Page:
The countdown is on for #SHRM17!! I get so excited for the SHRM Annual Conference and Exposition every year because I’m guaranteed to see some of my extremely smart HR pals, discover some awesome presenters, learn a thing or two, and have a great time. All of these things have been true of my conference experience every year, regardless of the location so bringing it to New Orleans is just the cherry on top for me this year! I’ve only been to New Orleans one other time and I absolutely loved it-I’m thrilled to have a reason to go back!

This year is a great opportunity for us to challenge each other to be “All In” given that is the theme for the conference and when I thought about what that means for me I realized it means the following few things.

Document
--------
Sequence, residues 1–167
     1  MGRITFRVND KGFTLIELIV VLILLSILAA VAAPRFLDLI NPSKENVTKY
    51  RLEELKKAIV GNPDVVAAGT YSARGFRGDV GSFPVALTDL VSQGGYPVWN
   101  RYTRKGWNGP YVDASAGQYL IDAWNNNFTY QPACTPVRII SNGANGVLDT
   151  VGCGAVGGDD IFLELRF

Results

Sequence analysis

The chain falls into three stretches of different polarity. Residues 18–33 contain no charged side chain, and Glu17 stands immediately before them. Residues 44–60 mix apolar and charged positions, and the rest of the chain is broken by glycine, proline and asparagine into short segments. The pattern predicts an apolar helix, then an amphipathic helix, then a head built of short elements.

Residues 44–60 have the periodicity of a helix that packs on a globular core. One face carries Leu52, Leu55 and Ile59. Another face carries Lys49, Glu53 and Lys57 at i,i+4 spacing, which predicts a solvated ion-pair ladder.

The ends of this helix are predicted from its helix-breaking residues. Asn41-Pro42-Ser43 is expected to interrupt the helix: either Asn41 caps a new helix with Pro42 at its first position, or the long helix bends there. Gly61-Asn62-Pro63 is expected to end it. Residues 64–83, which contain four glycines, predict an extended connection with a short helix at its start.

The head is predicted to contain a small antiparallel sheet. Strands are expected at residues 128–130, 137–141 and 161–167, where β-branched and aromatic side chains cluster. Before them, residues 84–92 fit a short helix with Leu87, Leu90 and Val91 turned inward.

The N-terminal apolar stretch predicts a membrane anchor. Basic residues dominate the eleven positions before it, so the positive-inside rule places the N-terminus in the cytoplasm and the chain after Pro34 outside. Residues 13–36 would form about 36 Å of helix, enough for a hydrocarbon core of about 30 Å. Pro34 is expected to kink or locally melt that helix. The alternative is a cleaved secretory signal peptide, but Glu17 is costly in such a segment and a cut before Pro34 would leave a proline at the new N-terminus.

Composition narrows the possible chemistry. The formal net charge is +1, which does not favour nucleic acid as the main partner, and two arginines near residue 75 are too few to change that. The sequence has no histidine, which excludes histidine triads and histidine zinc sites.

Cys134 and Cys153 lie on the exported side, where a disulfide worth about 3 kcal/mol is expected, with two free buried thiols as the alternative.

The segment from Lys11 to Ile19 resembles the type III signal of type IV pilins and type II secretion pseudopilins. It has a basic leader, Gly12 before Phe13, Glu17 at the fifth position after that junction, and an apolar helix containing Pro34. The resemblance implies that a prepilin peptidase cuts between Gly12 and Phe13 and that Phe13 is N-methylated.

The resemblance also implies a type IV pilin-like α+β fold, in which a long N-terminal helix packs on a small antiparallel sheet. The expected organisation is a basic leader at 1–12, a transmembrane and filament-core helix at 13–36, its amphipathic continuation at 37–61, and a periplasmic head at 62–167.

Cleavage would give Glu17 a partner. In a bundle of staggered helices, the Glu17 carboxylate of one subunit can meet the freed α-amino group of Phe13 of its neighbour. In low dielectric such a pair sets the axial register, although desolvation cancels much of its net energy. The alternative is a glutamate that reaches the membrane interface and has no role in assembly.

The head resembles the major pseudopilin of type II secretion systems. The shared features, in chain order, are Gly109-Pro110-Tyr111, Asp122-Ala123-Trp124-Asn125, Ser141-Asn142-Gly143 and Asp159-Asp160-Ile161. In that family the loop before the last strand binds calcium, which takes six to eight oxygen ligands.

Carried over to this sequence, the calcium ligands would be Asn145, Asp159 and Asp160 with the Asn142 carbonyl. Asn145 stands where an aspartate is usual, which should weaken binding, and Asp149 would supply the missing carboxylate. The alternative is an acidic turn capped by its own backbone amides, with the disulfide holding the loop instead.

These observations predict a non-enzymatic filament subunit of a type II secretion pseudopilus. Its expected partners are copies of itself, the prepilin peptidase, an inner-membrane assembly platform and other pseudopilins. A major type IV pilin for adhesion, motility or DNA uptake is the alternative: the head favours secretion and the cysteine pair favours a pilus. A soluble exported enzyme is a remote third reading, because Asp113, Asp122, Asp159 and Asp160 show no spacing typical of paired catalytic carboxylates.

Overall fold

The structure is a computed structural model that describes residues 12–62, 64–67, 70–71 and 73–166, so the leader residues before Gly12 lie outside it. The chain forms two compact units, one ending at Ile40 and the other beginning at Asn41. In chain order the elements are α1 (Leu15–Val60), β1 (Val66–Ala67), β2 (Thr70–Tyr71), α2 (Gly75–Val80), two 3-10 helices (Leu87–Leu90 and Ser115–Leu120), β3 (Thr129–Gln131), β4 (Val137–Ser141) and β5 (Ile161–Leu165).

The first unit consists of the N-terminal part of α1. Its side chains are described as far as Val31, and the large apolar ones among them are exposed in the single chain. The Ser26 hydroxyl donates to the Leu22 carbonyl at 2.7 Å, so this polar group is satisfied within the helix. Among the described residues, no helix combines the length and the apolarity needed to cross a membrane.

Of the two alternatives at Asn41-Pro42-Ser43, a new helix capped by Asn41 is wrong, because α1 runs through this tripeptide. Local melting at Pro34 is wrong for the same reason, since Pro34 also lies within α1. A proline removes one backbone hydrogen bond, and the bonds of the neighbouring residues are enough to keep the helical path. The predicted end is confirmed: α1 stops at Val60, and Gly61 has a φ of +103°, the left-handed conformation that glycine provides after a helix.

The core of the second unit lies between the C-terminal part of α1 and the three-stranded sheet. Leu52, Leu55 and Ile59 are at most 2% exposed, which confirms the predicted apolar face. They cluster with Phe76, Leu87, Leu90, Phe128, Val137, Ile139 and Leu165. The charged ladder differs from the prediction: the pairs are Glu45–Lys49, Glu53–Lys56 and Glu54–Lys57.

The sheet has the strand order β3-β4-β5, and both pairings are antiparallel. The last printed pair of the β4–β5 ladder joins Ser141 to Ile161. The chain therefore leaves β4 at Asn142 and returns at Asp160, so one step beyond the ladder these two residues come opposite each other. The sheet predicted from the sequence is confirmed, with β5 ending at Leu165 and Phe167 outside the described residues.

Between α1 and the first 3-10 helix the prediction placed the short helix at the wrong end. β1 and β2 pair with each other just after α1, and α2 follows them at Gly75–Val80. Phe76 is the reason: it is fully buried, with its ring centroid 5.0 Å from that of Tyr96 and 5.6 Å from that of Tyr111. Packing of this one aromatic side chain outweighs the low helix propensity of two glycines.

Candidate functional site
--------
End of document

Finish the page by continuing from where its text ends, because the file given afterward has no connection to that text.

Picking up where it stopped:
First, it means I’ve got to increase my behavioral competencies knowledge because that was my lowest score on my SHRM-SCP results. I was really happy with the rest of my results so I’m going to take this opportunity at conference to find sessions to help me improve in this area. Second, I have to grow my network some more, let more people into my circle. I’ve made some great connections through the years at these events so I can’t stop now- after all something like 15,000 people go to this conference, I only know a small FRACTION of those folks! Also, I have to be intentional about finding knowledge and people who can help me solve my HR problems rather than cluster around and complain about our HR problems. This is tough because as HR professionals we cannot typically vent within our organizations when we are troubled by something so it’s easy to let it all out at a conference away from work with our HR brethren. Fourth, I have to be “All In” with what I learn at conference this year. That means when I get back to work, I need to use what I learned. I need to bring back ideas to Huntsville and share with our chapter. I can’t just take notes and never look at them again. Finally, I’ve got to challenge my peers to be “All In” on taking HR to the next level. I will not enable you to complain about what you “don’t have” in your organization (resources, table, support, etc.) instead I will empower you to use what you’ve got to get you what you need!